Today we will just be doing one hike because they do take a long time, and no Hong Kong trip would be complete without hiking. But don’t worry, because this hike is suitable for beginner hikers and families. It is the world-class Maclehose Trail to Sai Wan beach.

9.00 AM – Breakfast in Sai Kung

Sai Kung in Hong Kong

The hike I have picked for you for today’s hiking adventure starts at Sai Kung Town Center.

It is completely up to you when you start your hike, but I do suggest getting to Sai Kung early to catch the bus. In that case, you should also have breakfast in Sai Kung.

There are a ton of local breakfast restaurants in Sai Kung, and it’s a very expat-heavy area, so you’ll find a ton of hipster coffee shops. I went to Shiba Taro Cafe when I was there and it was great.

After breakfast, you will need to catch a village bus to Sai Wan Pavilion. The bus has a sporadic schedule, it only comes 4 times a day in the week and 8 times on weekends.

If you miss the bus, you can catch a taxi to Sai Wan instead (make sure to get a green taxi because they are cheaper).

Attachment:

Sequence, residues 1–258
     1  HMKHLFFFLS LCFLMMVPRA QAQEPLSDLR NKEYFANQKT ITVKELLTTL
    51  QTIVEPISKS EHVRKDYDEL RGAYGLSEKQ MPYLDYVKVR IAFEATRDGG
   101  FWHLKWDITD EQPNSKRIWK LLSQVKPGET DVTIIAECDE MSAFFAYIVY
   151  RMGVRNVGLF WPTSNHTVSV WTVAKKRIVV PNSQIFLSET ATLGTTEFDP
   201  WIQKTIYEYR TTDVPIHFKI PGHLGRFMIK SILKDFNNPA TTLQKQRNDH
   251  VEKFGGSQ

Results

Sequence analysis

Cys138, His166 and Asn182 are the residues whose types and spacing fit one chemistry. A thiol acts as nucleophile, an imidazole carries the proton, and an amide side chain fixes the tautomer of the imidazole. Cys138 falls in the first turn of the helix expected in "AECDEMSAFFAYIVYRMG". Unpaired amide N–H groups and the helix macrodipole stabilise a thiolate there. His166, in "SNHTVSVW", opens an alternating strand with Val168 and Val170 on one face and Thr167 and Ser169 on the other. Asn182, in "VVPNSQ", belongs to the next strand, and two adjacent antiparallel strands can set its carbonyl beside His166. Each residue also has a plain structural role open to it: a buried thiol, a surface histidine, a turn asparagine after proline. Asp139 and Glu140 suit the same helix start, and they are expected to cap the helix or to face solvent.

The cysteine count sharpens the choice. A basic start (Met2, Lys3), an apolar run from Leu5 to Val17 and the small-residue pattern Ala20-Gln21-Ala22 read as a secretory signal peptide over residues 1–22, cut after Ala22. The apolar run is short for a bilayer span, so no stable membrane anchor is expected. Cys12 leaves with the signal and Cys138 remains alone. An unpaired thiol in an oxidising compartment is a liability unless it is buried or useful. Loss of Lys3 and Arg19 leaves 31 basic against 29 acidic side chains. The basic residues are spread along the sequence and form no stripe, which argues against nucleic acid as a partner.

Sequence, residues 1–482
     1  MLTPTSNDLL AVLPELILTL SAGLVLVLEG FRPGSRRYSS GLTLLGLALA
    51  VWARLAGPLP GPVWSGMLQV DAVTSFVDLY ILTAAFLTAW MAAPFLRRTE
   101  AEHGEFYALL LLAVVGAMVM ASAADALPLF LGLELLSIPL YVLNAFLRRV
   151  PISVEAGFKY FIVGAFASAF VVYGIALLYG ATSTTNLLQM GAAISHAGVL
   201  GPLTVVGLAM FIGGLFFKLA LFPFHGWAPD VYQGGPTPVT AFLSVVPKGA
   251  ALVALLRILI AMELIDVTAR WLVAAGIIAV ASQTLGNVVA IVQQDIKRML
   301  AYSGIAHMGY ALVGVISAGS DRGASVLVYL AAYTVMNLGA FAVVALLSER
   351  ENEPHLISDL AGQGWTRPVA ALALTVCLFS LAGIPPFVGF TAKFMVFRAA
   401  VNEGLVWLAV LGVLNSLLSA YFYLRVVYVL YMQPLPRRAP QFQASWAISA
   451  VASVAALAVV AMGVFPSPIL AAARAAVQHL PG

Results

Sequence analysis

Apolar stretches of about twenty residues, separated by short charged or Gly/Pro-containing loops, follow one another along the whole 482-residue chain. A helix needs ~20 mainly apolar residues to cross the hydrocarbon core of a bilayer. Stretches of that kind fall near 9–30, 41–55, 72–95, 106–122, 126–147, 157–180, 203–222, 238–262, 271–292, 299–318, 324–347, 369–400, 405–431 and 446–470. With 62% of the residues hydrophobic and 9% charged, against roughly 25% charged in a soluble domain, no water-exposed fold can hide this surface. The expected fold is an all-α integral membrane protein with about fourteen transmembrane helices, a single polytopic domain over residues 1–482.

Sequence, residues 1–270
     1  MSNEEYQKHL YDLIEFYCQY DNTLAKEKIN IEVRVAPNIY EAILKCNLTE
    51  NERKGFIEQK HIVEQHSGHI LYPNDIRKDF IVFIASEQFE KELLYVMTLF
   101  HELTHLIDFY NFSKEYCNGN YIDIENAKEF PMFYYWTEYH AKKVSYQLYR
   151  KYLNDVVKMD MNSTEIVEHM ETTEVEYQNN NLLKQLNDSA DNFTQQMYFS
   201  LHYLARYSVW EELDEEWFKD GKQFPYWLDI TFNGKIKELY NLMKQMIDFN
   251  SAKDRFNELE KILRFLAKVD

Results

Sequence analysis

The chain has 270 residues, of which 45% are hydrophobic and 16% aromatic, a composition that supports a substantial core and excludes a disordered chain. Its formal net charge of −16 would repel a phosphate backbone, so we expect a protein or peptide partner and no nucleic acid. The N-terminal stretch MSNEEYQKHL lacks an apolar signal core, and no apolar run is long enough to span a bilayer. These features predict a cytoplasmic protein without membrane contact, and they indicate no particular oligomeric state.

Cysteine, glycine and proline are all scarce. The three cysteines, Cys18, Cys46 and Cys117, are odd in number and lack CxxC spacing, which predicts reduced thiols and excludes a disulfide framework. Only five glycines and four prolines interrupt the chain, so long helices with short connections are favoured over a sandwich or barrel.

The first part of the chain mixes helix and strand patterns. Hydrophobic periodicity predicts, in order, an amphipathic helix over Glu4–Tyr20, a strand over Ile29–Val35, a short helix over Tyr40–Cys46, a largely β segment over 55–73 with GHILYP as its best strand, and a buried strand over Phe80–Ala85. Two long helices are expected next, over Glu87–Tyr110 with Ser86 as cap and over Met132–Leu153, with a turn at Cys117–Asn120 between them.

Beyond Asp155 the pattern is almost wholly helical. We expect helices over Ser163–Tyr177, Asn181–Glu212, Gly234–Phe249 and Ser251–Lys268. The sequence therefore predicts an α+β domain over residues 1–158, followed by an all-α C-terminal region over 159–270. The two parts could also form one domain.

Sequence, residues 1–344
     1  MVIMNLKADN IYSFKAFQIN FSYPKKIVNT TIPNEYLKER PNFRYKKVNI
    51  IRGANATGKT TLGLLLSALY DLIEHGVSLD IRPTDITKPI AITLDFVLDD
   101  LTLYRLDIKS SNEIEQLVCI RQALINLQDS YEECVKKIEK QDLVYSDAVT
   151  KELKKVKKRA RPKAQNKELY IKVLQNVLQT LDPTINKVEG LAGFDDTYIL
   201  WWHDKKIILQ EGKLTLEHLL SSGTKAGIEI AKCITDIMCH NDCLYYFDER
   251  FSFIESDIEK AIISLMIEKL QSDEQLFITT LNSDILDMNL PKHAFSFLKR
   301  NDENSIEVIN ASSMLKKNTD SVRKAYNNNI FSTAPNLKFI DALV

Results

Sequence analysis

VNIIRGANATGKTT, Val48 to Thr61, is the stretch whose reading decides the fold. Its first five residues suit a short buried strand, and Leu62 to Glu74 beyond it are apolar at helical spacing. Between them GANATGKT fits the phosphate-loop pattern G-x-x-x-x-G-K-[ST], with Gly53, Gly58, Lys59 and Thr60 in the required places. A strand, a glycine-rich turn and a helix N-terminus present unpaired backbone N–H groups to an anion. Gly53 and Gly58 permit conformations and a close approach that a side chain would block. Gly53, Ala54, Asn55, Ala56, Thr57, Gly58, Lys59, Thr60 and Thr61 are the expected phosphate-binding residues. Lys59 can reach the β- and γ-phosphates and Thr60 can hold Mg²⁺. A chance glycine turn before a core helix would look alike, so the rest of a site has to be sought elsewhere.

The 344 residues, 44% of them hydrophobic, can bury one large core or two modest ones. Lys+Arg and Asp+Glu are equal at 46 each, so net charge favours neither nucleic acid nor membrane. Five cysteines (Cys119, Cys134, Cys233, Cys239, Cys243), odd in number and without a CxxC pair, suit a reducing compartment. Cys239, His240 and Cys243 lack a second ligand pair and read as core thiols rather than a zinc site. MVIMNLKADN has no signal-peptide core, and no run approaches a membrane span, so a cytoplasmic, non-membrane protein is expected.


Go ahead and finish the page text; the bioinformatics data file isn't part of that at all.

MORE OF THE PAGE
• Cost: depending on where you eat
  • How Long I Should Spend There? 1 hour to eat, you can also walk along Sai Kung pier but there is not much else to see.
  • Getting there: You can catch a red mini bus from Dundas Street in Mong Kok, or more commonly, from the bus station outside Hang Hau MTR.

10.00 AM – Sai Wan Pavilion – Sai Wan Beach

Once you have made it to Sai Wan Pavilion you can begin hiking. The walk is completely paved and is sometimes shaded, but mostly exposed to the elements.

It should take you no more than an hour to reach Sai Wan beach and it is mostly downhill all the way.

Once you reach Sai Wan, you will find a couple of restaurants and a magnificent beach to bask on.

If you like water sports, you can rent a surfboard or just kick back and relax on the beach.

  • Cost: bring around $50 HKD for food, or you can bring your own and pay nothing!
  • How Long I Should Spend There? 2-3 hours
  • Getting there: Hike from Sai Wan Pavilion. There is only one trail and everyone takes it, so you won’t get lost.

12.00 PM – Sheung Luk Stream

Sheung Luk Stream

If you’ve had enough of the beach and fancy a nice cool river to swim in, take a short walk to the Sheung Luk Stream, or Sai Kung Rock Pools, which in my opinion is one of the best waterfalls in Hong Kong .